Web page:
WORTH NOTING ON TV
Firing Line Debate (PBS, 9-11 p.m.): As if the contentious subject of the religious right needed more stirring up, it is now the focus of this volatile and rhetorically entertaining debate, which provides more fun than many of the seasons' new network sitcoms.
The topic is ``Resolved: We Need Not Fear the Religious Right,'' with William F. Buckley Jr. acting as host and captain of a team arguing - guess which way - in favor of the trouble-making resolution. Heading the opposing group is Ira Glasser, executive director of the American Civil Liberties Union. The moderator is Michael Kinsley of The New Republic magazine. * SUNDAY
The Emmys (ABC, 8 p.m.- conclusion, E.T.): The Academy of Television Arts and Sciences (ATAS) will hand out its prime-time prizes in a splashy display of stars, acts, and winners' speeches, aired live from the Pasadena Civic Auditorium. Behind the scenes, things aren't all that cheery and collegial this year: CBS, NBC, and Fox are unhappy over an exclusive four-year deal ATAS has negotiated with ABC to broadcast a ceremony that has usually alternated among the networks. At press time the slighted networks hadn't bought tickets for the ceremony or taken out ads in ATAS's Emmy magazine.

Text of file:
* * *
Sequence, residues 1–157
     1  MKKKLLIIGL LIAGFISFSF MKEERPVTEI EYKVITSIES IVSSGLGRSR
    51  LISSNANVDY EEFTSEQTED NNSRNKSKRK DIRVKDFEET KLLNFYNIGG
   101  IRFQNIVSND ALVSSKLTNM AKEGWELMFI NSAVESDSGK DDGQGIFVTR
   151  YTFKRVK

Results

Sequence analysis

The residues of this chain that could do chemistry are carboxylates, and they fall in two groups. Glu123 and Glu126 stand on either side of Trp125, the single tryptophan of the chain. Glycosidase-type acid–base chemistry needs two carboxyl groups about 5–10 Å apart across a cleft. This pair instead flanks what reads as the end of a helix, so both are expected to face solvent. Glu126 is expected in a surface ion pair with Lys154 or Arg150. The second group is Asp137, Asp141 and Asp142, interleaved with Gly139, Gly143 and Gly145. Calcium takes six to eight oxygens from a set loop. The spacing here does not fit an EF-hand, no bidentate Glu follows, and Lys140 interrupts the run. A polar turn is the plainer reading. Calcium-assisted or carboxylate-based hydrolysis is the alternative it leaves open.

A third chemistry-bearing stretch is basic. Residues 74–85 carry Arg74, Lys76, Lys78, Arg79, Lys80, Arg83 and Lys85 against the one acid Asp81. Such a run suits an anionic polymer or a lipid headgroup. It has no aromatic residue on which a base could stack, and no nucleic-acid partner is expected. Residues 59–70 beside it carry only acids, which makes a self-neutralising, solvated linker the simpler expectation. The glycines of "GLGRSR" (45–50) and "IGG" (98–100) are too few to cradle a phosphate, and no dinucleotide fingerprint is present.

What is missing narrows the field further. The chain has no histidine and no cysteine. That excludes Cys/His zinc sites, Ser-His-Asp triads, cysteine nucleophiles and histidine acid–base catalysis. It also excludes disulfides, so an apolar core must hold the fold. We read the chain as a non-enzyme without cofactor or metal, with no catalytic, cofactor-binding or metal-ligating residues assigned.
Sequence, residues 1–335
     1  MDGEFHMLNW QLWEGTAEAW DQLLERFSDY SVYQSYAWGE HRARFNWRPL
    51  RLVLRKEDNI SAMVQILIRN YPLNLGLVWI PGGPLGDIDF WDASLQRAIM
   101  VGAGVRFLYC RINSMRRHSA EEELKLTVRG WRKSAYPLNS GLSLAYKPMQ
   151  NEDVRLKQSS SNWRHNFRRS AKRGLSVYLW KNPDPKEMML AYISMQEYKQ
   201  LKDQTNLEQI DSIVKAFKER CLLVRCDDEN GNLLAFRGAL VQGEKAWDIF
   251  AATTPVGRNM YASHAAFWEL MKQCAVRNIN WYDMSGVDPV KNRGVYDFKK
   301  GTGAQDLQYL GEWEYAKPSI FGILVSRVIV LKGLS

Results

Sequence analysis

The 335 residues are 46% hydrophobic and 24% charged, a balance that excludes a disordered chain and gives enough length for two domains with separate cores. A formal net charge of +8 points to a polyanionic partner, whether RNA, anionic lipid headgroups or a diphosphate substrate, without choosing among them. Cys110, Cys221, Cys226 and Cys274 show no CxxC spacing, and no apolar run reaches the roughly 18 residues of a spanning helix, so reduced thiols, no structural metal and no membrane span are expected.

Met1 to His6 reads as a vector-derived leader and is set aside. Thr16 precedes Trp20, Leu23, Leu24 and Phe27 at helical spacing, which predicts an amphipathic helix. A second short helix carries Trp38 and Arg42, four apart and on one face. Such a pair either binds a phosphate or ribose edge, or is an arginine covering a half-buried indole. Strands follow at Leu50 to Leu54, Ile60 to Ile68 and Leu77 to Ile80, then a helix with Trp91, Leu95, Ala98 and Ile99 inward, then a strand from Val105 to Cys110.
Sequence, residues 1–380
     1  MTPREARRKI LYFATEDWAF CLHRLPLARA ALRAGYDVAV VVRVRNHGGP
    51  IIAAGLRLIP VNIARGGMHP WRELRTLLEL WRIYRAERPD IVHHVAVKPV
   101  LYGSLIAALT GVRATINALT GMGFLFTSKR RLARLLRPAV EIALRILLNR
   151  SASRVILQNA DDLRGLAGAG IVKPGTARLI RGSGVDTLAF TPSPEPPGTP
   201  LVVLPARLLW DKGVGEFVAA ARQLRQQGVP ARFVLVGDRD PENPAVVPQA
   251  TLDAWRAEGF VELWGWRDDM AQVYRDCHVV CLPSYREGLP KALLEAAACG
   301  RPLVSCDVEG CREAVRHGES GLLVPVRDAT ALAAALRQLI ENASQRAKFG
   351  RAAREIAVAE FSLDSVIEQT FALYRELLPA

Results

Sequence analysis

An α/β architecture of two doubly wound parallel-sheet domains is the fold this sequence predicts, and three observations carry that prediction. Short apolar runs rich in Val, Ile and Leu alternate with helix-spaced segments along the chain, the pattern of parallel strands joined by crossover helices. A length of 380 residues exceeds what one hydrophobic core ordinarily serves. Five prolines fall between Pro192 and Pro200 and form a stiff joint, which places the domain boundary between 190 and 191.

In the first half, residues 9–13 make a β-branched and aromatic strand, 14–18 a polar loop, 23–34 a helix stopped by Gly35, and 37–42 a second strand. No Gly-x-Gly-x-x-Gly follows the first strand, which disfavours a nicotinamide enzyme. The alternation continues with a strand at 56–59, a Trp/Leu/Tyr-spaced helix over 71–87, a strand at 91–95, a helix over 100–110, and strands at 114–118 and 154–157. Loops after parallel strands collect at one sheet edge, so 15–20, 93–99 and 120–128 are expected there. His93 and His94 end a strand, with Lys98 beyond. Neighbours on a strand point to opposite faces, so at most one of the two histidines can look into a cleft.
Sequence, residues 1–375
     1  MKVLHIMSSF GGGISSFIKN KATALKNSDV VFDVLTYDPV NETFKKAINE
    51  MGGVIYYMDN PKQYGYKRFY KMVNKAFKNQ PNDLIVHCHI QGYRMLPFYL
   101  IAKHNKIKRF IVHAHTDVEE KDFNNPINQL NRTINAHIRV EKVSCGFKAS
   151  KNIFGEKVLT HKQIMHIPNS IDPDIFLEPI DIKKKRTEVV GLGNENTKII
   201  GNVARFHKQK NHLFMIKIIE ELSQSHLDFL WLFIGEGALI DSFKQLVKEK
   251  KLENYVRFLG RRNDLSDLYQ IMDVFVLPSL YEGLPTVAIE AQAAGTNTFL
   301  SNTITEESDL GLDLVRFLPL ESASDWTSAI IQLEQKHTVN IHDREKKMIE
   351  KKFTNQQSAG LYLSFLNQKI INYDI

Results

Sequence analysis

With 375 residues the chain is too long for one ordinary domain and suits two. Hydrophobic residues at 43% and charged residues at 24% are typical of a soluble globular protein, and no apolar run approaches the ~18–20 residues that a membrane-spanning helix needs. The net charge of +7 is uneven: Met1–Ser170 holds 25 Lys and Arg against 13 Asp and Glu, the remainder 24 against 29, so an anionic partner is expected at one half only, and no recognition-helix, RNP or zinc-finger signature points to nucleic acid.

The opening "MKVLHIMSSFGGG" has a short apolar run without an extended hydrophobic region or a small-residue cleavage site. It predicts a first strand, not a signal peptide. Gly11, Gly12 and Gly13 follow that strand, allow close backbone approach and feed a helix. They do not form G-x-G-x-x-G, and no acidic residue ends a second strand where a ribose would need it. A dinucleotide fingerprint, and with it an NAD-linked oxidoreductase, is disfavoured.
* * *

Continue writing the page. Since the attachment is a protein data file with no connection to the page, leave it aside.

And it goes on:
But even if the officials don't show, the people who really count as far as viewers are concerned - the stars - will be there in numbers far too great to recite here. The host for this 45th edition of the annual event is Angela Lansbury, star of the series ``Murder, She Wrote'' and herself a 13-time Emmy nominee. Among the features is a look back at notable moments on TV over the years. And Paula Poundstone ``covers'' the Emmy telecast itself backstage, using the same comic approach seen in her behind-the-scenes presence at last year's political conventions.
Booknotes (C-Span, 8-9 p.m., E.T.): The guest is Madeline Cartwright, author of ``For the Children: Lessons From a Visionary Principal; How We Can Save Our Schools''
Please check local listings for these programs.